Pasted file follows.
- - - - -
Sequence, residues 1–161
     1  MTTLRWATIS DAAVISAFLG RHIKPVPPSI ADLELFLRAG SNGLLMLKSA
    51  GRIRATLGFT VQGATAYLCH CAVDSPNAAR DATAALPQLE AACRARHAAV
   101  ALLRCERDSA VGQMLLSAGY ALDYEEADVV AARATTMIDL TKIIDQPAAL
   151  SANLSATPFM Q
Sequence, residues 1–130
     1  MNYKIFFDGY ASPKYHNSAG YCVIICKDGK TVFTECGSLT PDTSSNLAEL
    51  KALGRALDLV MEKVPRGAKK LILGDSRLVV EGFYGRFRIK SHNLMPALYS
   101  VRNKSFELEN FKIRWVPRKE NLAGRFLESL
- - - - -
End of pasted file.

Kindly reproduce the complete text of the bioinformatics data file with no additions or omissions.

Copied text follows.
Sequence, residues 1–161
     1  MTTLRWATIS DAAVISAFLG RHIKPVPPSI ADLELFLRAG SNGLLMLKSA
    51  GRIRATLGFT VQGATAYLCH CAVDSPNAAR DATAALPQLE AACRARHAAV
   101  ALLRCERDSA VGQMLLSAGY ALDYEEADVV AARATTMIDL TKIIDQPAAL
   151  SANLSATPFM Q
Sequence, residues 1–130
     1  MNYKIFFDGY ASPKYHNSAG YCVIICKDGK TVFTECGSLT PDTSSNLAEL
    51  KALGRALDLV MEKVPRGAKK LILGDSRLVV EGFYGRFRIK SHNLMPALYS
   101  VRNKSFELEN FKIRWVPRKE NLAGRFLESL